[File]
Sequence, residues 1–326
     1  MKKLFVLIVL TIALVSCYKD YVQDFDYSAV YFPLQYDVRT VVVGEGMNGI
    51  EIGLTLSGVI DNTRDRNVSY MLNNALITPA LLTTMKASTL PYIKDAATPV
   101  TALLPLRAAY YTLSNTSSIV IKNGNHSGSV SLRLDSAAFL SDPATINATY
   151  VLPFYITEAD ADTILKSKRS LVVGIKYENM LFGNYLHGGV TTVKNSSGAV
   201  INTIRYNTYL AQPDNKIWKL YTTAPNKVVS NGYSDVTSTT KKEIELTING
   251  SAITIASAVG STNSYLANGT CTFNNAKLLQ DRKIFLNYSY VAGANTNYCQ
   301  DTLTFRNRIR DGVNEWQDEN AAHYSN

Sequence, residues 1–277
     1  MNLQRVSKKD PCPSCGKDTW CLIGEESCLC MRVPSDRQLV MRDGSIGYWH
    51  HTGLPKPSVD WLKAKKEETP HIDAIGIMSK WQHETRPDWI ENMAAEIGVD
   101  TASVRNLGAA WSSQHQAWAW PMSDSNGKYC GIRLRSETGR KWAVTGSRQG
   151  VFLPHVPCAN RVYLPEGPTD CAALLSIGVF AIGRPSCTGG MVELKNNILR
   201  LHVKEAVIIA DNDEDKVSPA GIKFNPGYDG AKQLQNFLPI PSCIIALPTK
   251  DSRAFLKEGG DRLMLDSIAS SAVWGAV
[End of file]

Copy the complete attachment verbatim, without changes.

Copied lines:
Sequence, residues 1–326
     1  MKKLFVLIVL TIALVSCYKD YVQDFDYSAV YFPLQYDVRT VVVGEGMNGI
    51  EIGLTLSGVI DNTRDRNVSY MLNNALITPA LLTTMKASTL PYIKDAATPV
   101  TALLPLRAAY YTLSNTSSIV IKNGNHSGSV SLRLDSAAFL SDPATINATY
   151  VLPFYITEAD ADTILKSKRS LVVGIKYENM LFGNYLHGGV TTVKNSSGAV
   201  INTIRYNTYL AQPDNKIWKL YTTAPNKVVS NGYSDVTSTT KKEIELTING
   251  SAITIASAVG STNSYLANGT CTFNNAKLLQ DRKIFLNYSY VAGANTNYCQ
   301  DTLTFRNRIR DGVNEWQDEN AAHYSN

Sequence, residues 1–277
     1  MNLQRVSKKD PCPSCGKDTW CLIGEESCLC MRVPSDRQLV MRDGSIGYWH
    51  HTGLPKPSVD WLKAKKEETP HIDAIGIMSK WQHETRPDWI ENMAAEIGVD
   101  TASVRNLGAA WSSQHQAWAW PMSDSNGKYC GIRLRSETGR KWAVTGSRQG
   151  VFLPHVPCAN RVYLPEGPTD CAALLSIGVF AIGRPSCTGG MVELKNNILR
   201  LHVKEAVIIA DNDEDKVSPA GIKFNPGYDG AKQLQNFLPI PSCIIALPTK
   251  DSRAFLKEGG DRLMLDSIAS SAVWGAV